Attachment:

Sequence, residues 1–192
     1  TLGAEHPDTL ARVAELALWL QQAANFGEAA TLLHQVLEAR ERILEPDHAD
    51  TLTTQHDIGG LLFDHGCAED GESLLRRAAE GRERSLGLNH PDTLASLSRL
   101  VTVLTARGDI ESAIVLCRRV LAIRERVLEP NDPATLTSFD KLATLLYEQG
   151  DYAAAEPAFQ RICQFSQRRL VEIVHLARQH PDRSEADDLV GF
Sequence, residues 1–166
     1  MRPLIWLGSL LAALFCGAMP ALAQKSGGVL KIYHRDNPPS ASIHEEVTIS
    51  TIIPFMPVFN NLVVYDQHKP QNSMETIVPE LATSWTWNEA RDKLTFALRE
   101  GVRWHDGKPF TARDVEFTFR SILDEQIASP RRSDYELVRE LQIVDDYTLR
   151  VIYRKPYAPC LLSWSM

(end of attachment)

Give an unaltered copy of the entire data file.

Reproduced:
Sequence, residues 1–192
     1  TLGAEHPDTL ARVAELALWL QQAANFGEAA TLLHQVLEAR ERILEPDHAD
    51  TLTTQHDIGG LLFDHGCAED GESLLRRAAE GRERSLGLNH PDTLASLSRL
   101  VTVLTARGDI ESAIVLCRRV LAIRERVLEP NDPATLTSFD KLATLLYEQG
   151  DYAAAEPAFQ RICQFSQRRL VEIVHLARQH PDRSEADDLV GF
Sequence, residues 1–166
     1  MRPLIWLGSL LAALFCGAMP ALAQKSGGVL KIYHRDNPPS ASIHEEVTIS
    51  TIIPFMPVFN NLVVYDQHKP QNSMETIVPE LATSWTWNEA RDKLTFALRE
   101  GVRWHDGKPF TARDVEFTFR SILDEQIASP RRSDYELVRE LQIVDDYTLR
   151  VIYRKPYAPC LLSWSM